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North, South Korea Agree to Talks - 2002-07-30

South Korea has accepted a North Korean offer to reopen negotiations on approving relations between the two nations. The development comes a day before the opening of a regional security meeting at which easing tensions on the Korean Peninsula is expected to be a key topic.

The South Korean Unification Ministry proposed on Tuesday that North and South Korea hold preliminary talks August 2-4.

Seoul suggested the North's scenic Diamond Mountain resort, on the east coast of the Korean Peninsula, as the setting. Cabinet-level talks would take place later, but a date has yet to be set.

Talks between the two rivals have been stalled since last November. The two nations have remained technically at war since 1953, when the Korean conflict ended without a peace treaty.

Choi Jinwook is a research fellow at the Korea Institute for National Unification. He says both sides have compelling motives for reopening negotiations.

"South Korea wants to continue its sunshine policy for engagement and reconciliation between the two Koreas," he said. "From the North Korean perspective, they immediately need food from South Korea, and also South Korea is a major country which can support North Korea's economic recovery."

South Korea's Unification Ministry also noted Pyongyang's recent expression of regret over the June 29 naval battle that took place near the two nations' disputed maritime boundary in the Yellow Sea. Five South Koreans and an estimated 13 North Koreans were killed in that fighting.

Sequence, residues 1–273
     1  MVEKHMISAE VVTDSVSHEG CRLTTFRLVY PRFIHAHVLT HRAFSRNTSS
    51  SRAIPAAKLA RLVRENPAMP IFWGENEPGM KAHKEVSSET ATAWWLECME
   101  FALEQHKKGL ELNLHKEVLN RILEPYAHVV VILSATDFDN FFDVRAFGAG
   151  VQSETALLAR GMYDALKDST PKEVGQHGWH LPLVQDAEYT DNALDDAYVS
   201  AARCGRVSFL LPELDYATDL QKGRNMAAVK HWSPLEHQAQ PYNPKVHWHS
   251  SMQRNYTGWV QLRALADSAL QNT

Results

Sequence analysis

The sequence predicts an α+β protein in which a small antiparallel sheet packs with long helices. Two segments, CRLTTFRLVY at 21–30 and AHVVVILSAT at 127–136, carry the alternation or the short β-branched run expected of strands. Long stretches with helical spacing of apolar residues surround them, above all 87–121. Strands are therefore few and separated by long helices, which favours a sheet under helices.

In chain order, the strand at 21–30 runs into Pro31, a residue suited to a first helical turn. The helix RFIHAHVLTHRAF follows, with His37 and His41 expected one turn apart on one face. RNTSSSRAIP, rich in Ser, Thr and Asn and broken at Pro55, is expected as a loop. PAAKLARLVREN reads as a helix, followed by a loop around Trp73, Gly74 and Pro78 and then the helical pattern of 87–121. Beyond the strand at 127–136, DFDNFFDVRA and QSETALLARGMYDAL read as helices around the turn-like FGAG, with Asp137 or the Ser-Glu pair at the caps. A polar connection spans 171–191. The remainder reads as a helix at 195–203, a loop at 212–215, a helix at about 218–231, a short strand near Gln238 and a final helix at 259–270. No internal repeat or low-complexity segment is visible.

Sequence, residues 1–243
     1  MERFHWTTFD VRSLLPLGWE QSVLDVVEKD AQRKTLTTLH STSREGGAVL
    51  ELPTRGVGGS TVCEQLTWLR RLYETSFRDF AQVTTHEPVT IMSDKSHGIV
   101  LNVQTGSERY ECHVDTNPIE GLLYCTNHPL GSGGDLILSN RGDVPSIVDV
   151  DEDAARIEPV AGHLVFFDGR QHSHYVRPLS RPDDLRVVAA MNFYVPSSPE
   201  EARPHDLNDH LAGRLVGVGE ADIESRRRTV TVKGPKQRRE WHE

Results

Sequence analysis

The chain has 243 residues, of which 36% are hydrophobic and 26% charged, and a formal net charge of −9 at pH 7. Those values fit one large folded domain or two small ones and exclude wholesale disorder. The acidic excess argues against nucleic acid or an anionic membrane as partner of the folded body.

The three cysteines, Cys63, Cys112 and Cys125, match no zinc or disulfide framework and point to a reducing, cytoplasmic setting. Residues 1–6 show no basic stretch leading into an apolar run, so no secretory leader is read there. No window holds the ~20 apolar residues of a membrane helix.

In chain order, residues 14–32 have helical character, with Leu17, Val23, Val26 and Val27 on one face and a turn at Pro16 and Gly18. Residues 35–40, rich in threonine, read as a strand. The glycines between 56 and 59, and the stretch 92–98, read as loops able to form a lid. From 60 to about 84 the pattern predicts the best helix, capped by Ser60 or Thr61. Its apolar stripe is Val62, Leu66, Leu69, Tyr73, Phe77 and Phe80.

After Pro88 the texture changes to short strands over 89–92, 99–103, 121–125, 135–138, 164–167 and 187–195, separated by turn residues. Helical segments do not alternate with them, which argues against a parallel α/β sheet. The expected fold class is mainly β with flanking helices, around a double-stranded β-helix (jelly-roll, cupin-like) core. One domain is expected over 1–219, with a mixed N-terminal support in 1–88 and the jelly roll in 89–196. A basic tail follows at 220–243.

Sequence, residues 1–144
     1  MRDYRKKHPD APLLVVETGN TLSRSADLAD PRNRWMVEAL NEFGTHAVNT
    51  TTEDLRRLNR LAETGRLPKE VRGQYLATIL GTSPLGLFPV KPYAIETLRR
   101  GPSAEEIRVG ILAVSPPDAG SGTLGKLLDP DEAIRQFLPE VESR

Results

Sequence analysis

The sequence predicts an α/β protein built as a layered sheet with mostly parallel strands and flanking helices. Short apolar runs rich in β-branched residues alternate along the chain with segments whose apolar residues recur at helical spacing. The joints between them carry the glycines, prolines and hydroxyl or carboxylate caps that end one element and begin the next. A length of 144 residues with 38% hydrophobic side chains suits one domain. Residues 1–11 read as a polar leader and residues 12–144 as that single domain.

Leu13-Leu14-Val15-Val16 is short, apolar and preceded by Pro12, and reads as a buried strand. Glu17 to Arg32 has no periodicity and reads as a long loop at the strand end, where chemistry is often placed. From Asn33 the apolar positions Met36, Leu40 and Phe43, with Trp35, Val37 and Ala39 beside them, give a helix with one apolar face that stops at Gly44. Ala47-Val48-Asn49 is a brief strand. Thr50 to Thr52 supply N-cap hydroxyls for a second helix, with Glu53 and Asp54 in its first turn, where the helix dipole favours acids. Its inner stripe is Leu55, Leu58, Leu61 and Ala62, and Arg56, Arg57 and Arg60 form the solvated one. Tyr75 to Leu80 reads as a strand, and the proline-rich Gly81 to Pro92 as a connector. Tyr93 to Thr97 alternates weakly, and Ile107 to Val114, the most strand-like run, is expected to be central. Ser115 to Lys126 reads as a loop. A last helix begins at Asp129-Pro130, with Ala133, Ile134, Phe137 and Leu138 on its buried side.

In another sign of openness to talks, North Korean leader Kim Jong-il on Monday told visiting Russian Foreign Minister Igor Ivanov that he wants to open talks with the United States and Japan without preconditions.

North Korea will have the chance to make contact with officials from the U.S., Japan and South Korea at the ASEAN regional forum in Brunei that opens Wednesday. U.S. Secretary of State Colin Powell has indicated he would consider meeting with North Korean Foreign Minister Paek Nam Sun at that gathering.

The key unresolved issues are Washington's concerns about North Korea's missile sales and nuclear weapons program and Pyongyang's demand for the withdrawal of 37,000 U.S. troops based in South Korea.

Tokyo wants Pyongyang to investigate claims that North Korean agents abducted Japanese citizens in the 1970s and 1980s for spying. Pyongyang has previously denied those allegations.